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With the morning and the break of the heat wave came the wind – I now believe the tales of Patagonian wind! We left San Julian, heading south… to find more populations of all of our solanaceous friends. The idea of the trip was to go south via the coast and then north again via the Andes, today was the day where we made the crossing to the west. But first, we looked for more Petunia patagonica. At a semi-random stop on a junction with a tiny (locked shut) dirt track to Punta Beagle (we can’t seem to get away from Darwin, not that one would want to!)  we found huge plants of the “petunia” – we are now certain it is not a Petunia! These cushion plants must be very old indeed, some of them were four or five metres in diameter and had entire ecosystems growing inside them. They seem to never get more than about 30 cm tall, but spread and die out in the middle.

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Juan sitting in the middle a huge Petunia that has died inthe middle; Franco has a theory that this is where the seeds fall!

 

Before our collecting stop we passed through Comandante Luis Piedra Buena, where Juan (who was driving) was breathalyzed – at nine in the morning! We went into town, bought petrol and then and to go back to our collecting site – fortunately for us they were all at lunch when we next passed through! After a bit more frustrating looking for and not finding Benthamiella, we headed west. Against all advice, and ignoring a sign saying “Camino intransitable” (Road impassable) we headed straight across the province of Santa Cruz on Route 9 – a dirt track that went along a high pampa above the extraordinarily coloured Rio Santa Cruz. The river, which we had crossed at its mouth in Comandante Luis Piedra Buena, was a milky blue colour – this comes from its origins in the glaciers of the Andes, where we were headed.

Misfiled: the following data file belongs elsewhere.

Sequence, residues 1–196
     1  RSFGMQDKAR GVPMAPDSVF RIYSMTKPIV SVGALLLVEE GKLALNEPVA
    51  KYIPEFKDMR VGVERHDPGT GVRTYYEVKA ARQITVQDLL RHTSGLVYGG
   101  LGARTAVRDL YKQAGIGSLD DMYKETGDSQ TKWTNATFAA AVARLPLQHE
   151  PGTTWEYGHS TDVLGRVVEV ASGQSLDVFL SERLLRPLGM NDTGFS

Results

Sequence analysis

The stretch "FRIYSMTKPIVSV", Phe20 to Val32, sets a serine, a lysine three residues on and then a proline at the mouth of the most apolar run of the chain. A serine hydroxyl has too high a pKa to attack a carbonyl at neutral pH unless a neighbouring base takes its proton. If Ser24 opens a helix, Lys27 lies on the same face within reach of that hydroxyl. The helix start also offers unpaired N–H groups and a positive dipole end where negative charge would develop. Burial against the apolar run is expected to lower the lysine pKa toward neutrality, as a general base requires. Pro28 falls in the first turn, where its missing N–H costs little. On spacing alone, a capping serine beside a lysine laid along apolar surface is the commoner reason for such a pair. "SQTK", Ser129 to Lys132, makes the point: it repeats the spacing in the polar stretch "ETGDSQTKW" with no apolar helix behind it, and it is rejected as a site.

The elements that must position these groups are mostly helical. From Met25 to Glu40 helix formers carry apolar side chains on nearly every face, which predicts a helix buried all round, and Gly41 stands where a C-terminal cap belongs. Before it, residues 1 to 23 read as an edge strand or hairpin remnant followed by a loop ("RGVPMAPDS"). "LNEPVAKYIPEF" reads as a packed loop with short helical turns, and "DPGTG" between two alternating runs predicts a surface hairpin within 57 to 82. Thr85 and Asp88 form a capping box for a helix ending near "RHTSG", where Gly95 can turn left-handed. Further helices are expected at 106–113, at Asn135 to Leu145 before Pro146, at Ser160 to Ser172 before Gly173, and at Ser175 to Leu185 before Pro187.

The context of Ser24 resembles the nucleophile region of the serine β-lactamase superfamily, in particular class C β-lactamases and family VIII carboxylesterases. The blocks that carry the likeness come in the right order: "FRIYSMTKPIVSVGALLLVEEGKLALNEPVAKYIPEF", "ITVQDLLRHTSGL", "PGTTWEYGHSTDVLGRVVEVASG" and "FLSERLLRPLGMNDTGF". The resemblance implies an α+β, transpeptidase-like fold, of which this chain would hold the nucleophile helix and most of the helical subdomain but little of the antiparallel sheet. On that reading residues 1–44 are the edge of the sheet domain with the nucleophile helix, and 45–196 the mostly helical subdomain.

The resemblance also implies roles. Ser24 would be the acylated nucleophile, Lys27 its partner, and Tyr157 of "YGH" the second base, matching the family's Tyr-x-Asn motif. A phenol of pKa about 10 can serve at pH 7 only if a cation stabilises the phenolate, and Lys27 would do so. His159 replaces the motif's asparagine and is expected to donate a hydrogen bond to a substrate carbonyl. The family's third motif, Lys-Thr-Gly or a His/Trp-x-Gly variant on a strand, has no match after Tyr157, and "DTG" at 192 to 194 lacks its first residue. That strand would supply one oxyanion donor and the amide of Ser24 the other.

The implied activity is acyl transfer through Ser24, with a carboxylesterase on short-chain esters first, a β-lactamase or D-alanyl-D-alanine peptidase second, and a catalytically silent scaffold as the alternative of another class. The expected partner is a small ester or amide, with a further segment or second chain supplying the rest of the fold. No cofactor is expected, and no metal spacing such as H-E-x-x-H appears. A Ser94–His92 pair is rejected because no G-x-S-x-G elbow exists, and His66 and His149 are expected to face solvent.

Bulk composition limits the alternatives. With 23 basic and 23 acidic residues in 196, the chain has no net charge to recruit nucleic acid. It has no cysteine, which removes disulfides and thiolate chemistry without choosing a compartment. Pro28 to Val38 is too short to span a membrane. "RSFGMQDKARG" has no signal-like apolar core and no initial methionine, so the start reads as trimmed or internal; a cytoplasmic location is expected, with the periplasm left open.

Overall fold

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The Santa Cruz River from the table land where we were driving...

 

The road of course was perfectly good, in fact excellent! The best bit was that there was no one else on it, so when we stopped to look for plants no one minded. The wind was incredible – it was blowing so hard that it was hard to stand up when you got out of the car. At one terrific stop we found a treasure trove of Solanaceae – including the quite bizarre Jaborosa magellanica that Gloria, who studied these plants for her PhD, had never seen in the field. The dark purple, almost black flowers smell like rotting meat and are pollinated by flies. We also found Nicotiana corymbosa – one of my target species; it is a wild tobacco with incredibly sticky (and smelly) leaves. The car stank!!

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Jaborosa magellanica - the flowers are almost black!

 

By this time it was freezing cold and the wind was blowing so hard that when I tried to climb back over the fence to get back to the car it pushed me back into it and I somersaulted backwards. The weather had definitely changed, and was changing as we went west. Route 9 was an amazing road, through wide open steppes, with guanacos everywhere and fantastic clouds framing the scenery. Before heading to our destination El Calafate we made one last stop looking still for Benthamiella – at about 9 pm, as usual for us on this trip. It must have been about 5 degrees Centigrade – what a change for the other day! And we have snow and glaciers to come, we could just see them in the distance as we approached Calafate at the end of the light…..

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The steppes at sunset

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